Live Nation Entertainment (NYSE:LYV) sold over 485 million concert tickets in 2019, making it the leading live music company in the world. With live events put on hold during the pandemic, its revenue plunged 84% to $1.86 billion last year. But according to a Goldman Sachs analyst, it's now time to buy the stock.
Stephen Laszczyk recently set a $110 price target on the stock, which is about 40% above the current quote of $78 per share. Laszczyk argues the company is well positioned for a return of live events in the near term.
However, the stock is already up over 130% since March 2020 -- how much upside should investors expect?
Live Nation sees greener pastures ahead
Live Nation's strategy is simple: Promote more shows, sell more tickets, and make additional money through advertising to grow the business. Ticket sales made up only 13% of total revenue in 2019. Most of the top line comes from the concerts themselves: concessions, parking, rental income, and service charges.
It may take a few years for Live Nation to fully recover from the pandemic. At its peak in 2019, Live Nation generated $11.55 billion in revenue. PwC's latest Global Entertainment & Media Outlook report calls for live music business to return to 2019 revenue levels by 2023.
Wall Street analysts, however, are more optimistic. The consensus has Live Nation rebounding to $5.05 billion in revenue this year before achieving a new record of $12.59 billion in 2022.
Live Nation is also upbeat about its near-term prospects. In the fourth-quarter earnings report, management noted that 83% of fans continue to hold their tickets for rescheduled events, signaling there is tremendous pent-up demand.
Management has maintained enough liquidity on the balance sheet, ending 2020 with $2.54 billion in cash to finance the spending and investments needed to position the business for long-term growth. Management also reduced the company's cost structure by $200 million last year, which should allow Live Nation to emerge more profitable from the pandemic. Other investments included investing in concert streaming to expand its money-making opportunities.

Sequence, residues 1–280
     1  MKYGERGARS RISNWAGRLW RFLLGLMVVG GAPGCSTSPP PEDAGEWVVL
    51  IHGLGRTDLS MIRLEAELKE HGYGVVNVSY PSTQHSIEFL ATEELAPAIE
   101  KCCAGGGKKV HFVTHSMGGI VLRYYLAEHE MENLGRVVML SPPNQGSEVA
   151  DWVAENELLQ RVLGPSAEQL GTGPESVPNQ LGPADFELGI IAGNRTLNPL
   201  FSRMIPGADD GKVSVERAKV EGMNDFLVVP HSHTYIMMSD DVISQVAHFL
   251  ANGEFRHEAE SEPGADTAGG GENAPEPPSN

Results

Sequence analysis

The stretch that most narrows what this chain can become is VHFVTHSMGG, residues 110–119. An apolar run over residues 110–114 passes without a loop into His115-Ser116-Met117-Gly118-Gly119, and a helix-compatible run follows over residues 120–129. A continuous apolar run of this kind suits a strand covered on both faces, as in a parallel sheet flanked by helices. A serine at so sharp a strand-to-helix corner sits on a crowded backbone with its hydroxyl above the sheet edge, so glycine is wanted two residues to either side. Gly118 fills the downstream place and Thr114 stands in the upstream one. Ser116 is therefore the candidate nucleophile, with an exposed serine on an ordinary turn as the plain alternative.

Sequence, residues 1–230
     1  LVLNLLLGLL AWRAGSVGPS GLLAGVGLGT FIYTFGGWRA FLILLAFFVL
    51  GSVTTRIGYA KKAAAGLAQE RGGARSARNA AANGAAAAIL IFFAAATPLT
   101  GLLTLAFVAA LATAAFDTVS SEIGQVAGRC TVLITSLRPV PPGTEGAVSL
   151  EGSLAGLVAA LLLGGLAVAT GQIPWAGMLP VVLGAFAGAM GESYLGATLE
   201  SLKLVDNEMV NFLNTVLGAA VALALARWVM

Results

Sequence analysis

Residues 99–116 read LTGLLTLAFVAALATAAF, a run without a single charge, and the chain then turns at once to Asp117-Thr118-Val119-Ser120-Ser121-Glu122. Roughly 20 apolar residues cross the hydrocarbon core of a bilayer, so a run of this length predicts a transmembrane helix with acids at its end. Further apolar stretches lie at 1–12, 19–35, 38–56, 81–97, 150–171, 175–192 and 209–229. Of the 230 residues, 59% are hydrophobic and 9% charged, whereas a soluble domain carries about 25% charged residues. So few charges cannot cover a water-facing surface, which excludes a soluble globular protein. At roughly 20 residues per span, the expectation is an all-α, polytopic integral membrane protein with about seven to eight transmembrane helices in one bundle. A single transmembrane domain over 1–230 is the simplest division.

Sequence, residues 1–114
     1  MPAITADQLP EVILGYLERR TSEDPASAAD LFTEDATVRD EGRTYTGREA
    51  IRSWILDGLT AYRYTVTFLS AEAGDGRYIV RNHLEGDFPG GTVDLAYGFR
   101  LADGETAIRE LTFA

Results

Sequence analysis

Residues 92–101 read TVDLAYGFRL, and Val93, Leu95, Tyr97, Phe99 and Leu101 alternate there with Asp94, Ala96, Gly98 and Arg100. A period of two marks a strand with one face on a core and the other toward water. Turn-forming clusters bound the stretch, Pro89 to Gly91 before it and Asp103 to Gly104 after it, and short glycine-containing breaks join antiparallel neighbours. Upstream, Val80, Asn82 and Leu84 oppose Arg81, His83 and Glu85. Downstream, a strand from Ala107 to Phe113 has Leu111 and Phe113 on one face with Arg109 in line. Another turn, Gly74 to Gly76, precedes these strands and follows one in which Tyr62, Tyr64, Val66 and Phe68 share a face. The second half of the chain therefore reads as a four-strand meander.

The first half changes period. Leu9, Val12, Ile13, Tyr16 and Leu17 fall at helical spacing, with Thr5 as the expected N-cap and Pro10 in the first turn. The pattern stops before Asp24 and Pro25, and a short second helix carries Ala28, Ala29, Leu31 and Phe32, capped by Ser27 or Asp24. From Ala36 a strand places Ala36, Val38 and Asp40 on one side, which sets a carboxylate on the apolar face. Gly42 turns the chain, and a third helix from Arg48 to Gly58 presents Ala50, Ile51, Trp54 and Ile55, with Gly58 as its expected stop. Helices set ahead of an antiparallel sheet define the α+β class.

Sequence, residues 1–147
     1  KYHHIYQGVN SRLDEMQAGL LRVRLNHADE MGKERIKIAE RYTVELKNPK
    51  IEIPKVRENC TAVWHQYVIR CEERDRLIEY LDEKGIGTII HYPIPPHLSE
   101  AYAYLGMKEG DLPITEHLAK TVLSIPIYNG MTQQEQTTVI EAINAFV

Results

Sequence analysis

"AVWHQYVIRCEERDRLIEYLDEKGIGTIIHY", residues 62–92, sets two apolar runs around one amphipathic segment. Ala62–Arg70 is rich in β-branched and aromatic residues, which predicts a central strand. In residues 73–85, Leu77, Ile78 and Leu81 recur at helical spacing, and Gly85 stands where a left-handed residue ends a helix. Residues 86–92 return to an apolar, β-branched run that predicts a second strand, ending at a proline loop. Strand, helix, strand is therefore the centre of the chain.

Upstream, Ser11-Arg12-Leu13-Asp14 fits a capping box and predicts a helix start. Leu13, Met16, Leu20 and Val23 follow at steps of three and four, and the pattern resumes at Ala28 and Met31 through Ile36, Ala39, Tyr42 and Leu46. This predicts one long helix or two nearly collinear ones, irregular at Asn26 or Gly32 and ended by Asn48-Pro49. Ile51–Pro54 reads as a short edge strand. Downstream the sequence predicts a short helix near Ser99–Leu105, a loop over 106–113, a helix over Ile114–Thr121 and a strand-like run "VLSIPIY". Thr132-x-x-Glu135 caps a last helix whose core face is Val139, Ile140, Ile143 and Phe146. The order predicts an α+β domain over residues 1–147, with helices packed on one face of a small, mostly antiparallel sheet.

In the first-quarter earnings report, management was even more confident about its growth prospects. It reported the concert pipeline and sponsorship commitments for 2022 are up double digits from 2019.
Moreover, management is targeting a whopping $750 million cost reduction in 2021. The cut seems to be factored into Wall Street's estimates over the next few years. By 2023, the consensus analyst estimate has Live Nation reaching $5.04 in free cash flow (FCF) per share.
The stock is trading at 15 times that free-cash-flow estimate, but the secular growth trend behind live music could push Live Nation's valuation higher. PwC's research says the music sector will grow at a double-digit rate through 2025, driven by digital streaming and live music demand.
The stock could be a good reopening play
Live Nation is a strong business with bright long-term prospects. The stock traded at a price-to-FCF multiple of over 30 before the pandemic, so there is potential for significant upside. Based on the 2023 free-cash-flow estimate, that pre-COVID multiple would give the stock a price of about $151 per share, nearly double the current share price. But before the stock can reach such levels, people have to start going to concerts again.
And keep in mind Live Nation is already trading above pre-pandemic levels, despite trailing 12-month revenue being down 93% year over year, so the market is already pricing a strong recovery into the company's valuation.
Investors should also note the recent spike in COVID-19 cases around the U.S. and in other countries means there's still uncertainty regarding if and when local governments reinstate restrictions on public gatherings, which leaves a risk hanging over Live Nation in the near term.
Still, the widespread vaccinations and growing number of scheduled concerts means the worst is probably over for the company. There may be growth stocks out there that have already surpassed their pre-pandemic results, but Live Nation remains an attractive play on the burgeoning long-term demand for live music and events.